After weeks of power cuts and limited access to water, tens of thousands of Venezuelans took to the streets on Saturday to back opposition leader Juan Guaido and protest against President Nicolas Maduro, who they accuse of wrecking the economy.
Venezuelans, already suffering from hyperinflation and widespread shortages of food and medicine, say the crisis has worsened over the past month. That is when crippling nationwide power outages began to leave vast swaths of territory in the dark for days at a time, cutting off water supplies and cell phone service.
Guaido, head of the opposition-controlled National Assembly and recognized as Venezuela’s legitimate head of state by most Western nations, had called for rallies on Saturday to mark the start of what he has billed as a new wave of “definitive” protests to oust Maduro.
Guaido invoked the constitution to assume an interim presidency in January, denouncing Maduro as a “usurper” for beginning a second term after a 2018 election widely considered fraudulent. Maduro, who retains the support of the military and allies including Russia and China, has derided Guaido as a U.S. puppet and said he will face justice.
In Caracas, thousands of opposition supporters assembled at a main rally point in the eastern El Marques district. Protesters said their homes had been without water for days and many had taken to drawing it from unsanitary pipes or streams running off the Avila mountain overlooking Caracas.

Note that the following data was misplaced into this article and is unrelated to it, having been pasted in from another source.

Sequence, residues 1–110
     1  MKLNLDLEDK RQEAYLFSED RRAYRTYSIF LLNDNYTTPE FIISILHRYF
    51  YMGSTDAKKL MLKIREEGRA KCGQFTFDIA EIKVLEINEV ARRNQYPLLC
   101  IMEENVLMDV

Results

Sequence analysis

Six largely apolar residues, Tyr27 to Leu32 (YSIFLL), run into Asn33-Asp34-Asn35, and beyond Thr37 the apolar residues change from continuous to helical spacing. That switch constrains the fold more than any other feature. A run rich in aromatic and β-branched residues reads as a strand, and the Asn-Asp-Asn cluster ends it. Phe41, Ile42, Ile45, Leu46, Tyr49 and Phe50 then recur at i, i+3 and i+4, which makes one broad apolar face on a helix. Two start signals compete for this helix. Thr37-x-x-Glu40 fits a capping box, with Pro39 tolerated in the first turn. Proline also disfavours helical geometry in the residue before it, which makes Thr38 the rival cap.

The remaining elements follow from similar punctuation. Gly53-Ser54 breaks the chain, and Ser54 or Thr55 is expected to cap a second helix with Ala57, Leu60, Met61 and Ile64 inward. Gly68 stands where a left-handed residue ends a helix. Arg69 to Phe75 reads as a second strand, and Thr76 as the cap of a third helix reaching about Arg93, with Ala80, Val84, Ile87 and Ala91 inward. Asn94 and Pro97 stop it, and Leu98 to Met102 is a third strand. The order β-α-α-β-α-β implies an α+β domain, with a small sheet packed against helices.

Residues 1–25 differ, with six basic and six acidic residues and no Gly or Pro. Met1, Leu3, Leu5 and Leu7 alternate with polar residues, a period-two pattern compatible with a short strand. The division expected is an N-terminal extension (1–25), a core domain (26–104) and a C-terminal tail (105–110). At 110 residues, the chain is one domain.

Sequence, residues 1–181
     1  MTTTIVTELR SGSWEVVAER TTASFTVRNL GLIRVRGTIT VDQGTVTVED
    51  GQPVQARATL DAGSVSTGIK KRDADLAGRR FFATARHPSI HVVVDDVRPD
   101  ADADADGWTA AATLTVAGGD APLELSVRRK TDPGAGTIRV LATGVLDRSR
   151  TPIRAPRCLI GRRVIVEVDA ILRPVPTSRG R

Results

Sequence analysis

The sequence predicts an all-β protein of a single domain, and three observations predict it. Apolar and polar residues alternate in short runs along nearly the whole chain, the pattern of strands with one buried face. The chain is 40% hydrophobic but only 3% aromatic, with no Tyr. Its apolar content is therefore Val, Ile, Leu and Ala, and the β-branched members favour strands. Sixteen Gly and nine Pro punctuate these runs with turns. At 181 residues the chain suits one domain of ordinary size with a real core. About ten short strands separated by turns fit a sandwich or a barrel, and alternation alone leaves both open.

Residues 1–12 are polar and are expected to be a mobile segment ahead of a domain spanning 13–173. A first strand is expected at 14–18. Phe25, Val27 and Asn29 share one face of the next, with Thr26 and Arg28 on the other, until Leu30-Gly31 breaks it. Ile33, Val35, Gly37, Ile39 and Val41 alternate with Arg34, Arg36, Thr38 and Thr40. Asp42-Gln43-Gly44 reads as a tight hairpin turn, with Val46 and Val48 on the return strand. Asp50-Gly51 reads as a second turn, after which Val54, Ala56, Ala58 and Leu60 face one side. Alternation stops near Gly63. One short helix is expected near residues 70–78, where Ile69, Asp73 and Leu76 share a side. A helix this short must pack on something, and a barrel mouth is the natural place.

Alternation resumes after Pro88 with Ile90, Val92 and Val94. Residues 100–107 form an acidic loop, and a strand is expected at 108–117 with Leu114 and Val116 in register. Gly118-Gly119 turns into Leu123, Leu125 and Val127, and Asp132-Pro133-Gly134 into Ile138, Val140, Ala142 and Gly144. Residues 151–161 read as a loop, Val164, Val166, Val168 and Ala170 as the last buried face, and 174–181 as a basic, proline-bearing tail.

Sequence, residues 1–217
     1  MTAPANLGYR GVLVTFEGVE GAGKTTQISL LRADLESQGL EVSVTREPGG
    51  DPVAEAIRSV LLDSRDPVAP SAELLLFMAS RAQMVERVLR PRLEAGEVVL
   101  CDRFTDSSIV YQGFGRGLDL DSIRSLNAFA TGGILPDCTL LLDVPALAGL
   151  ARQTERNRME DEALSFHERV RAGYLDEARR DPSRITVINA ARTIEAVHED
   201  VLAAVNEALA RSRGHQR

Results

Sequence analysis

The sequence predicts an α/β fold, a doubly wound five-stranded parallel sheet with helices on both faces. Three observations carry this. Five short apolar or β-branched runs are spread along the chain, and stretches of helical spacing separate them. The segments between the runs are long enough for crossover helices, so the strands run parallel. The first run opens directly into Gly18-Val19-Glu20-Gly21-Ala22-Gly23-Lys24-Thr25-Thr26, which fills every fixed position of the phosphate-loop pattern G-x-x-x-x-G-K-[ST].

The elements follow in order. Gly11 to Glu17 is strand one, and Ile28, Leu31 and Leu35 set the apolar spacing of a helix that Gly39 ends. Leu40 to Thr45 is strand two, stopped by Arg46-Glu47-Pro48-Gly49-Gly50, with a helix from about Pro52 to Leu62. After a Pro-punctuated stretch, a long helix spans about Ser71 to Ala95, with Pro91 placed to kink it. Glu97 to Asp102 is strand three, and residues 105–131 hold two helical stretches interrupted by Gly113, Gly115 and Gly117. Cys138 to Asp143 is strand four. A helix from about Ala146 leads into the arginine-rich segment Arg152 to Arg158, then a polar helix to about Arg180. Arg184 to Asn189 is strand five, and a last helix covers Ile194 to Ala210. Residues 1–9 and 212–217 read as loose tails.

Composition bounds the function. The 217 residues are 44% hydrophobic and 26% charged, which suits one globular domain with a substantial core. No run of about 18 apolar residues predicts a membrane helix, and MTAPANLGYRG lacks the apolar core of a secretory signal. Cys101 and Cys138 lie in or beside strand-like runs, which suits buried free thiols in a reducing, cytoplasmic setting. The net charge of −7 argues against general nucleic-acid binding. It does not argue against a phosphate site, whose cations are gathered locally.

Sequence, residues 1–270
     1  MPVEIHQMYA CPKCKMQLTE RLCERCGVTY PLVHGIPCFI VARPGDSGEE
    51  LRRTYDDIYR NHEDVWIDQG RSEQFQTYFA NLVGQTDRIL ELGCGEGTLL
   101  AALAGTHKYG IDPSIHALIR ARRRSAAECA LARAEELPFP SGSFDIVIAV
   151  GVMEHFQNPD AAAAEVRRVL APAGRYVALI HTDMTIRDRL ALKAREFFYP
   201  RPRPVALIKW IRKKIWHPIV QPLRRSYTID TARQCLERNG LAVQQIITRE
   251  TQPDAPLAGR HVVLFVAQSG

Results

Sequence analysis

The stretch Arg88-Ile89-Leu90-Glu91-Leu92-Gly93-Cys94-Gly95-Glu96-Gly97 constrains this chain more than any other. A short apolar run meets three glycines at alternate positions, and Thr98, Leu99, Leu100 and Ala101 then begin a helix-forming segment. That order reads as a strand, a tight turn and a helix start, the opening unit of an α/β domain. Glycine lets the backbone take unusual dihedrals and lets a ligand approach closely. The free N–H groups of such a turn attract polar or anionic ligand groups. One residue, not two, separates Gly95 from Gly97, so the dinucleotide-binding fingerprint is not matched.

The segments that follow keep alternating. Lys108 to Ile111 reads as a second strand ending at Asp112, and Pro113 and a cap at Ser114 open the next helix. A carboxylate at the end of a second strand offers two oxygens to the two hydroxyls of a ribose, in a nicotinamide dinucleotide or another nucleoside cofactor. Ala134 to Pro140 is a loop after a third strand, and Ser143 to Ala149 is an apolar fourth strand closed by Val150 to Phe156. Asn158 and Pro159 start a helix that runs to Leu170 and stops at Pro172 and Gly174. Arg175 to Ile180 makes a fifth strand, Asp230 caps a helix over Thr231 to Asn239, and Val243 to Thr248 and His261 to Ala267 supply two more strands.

“We have to get rid of this usurper, and we can’t think about anything else,” said Claudia Rueda, a 53-year-old homemaker at the protest.
At one point, the crowd chanted, “The water has gone, power has gone, and now Maduro what’s missing is that you go too.”
Two massive power outages in recent weeks led Maduro’s government to cancel school classes and left many businesses shuttered. The resumption of services has been uneven, with cities such as San Cristobal, Valencia and Maracay still reporting intermittent blackouts.
“We haven’t just come to demand water and power. We’ve come to demand freedom and democracy,” Guaido said at the Caracas rally, surrounded by a cheering crowd. “We can’t let ourselves become used to this, we can’t put up with it, we aren’t going to let these crooks keep hold of our country.”
While no immediate protest-related violence was reported in Caracas, witnesses reported clashes between protesters and police in the steamy oil hub of Maracaibo. Demonstrators in the city, in the western state of Zulia, told Reuters police had fired rubber bullet rounds and tear gas to disperse them.
“I’m fed up. They hurt me, and though I was frightened, what it makes me most is angry,” said Denis Fernandez, a 25-year-old who said he had been injured by a rubber bullet.
Fernandez said his daughter had almost died from hepatitis a month ago, as hospitals had no supplies to treat her. When there is no electricity for air conditioning, he said he and his wife had taken to fanning their children at night to keep them cool.
The National Assembly, on its Twitter account, said two of its lawmakers had been arrested and then released by authorities at the Maracaibo protest. Venezuela’s Information Ministry did not respond to a request to comment.